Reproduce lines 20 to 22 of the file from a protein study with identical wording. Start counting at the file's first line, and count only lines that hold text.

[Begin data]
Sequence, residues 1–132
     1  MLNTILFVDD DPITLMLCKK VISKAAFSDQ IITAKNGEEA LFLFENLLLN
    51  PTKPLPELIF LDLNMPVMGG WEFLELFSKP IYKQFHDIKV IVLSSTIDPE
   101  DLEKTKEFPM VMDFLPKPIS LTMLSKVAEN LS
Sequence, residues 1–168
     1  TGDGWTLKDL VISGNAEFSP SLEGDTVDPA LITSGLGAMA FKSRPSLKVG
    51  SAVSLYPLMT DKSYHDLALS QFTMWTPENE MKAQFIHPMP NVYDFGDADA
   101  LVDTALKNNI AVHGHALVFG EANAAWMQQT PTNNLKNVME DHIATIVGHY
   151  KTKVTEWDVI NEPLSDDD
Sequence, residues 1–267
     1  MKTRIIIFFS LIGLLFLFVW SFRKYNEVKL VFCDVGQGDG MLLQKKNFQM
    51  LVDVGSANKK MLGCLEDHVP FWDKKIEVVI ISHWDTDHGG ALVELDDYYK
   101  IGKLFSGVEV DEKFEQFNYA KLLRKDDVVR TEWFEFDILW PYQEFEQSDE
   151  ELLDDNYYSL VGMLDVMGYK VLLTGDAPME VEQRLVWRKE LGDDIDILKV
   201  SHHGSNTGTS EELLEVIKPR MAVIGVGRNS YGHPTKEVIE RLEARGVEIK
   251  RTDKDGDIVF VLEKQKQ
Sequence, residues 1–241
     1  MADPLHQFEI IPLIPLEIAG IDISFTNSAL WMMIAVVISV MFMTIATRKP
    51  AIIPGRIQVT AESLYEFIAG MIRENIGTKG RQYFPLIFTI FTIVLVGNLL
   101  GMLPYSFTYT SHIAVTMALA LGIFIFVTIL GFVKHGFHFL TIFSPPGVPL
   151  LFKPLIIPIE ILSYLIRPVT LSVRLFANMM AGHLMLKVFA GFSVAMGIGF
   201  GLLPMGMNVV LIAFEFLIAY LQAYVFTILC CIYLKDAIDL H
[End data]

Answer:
   101  GMLPYSFTYT SHIAVTMALA LGIFIFVTIL GFVKHGFHFL TIFSPPGVPL
   151  LFKPLIIPIE ILSYLIRPVT LSVRLFANMM AGHLMLKVFA GFSVAMGIGF
   201  GLLPMGMNVV LIAFEFLIAY LQAYVFTILC CIYLKDAIDL H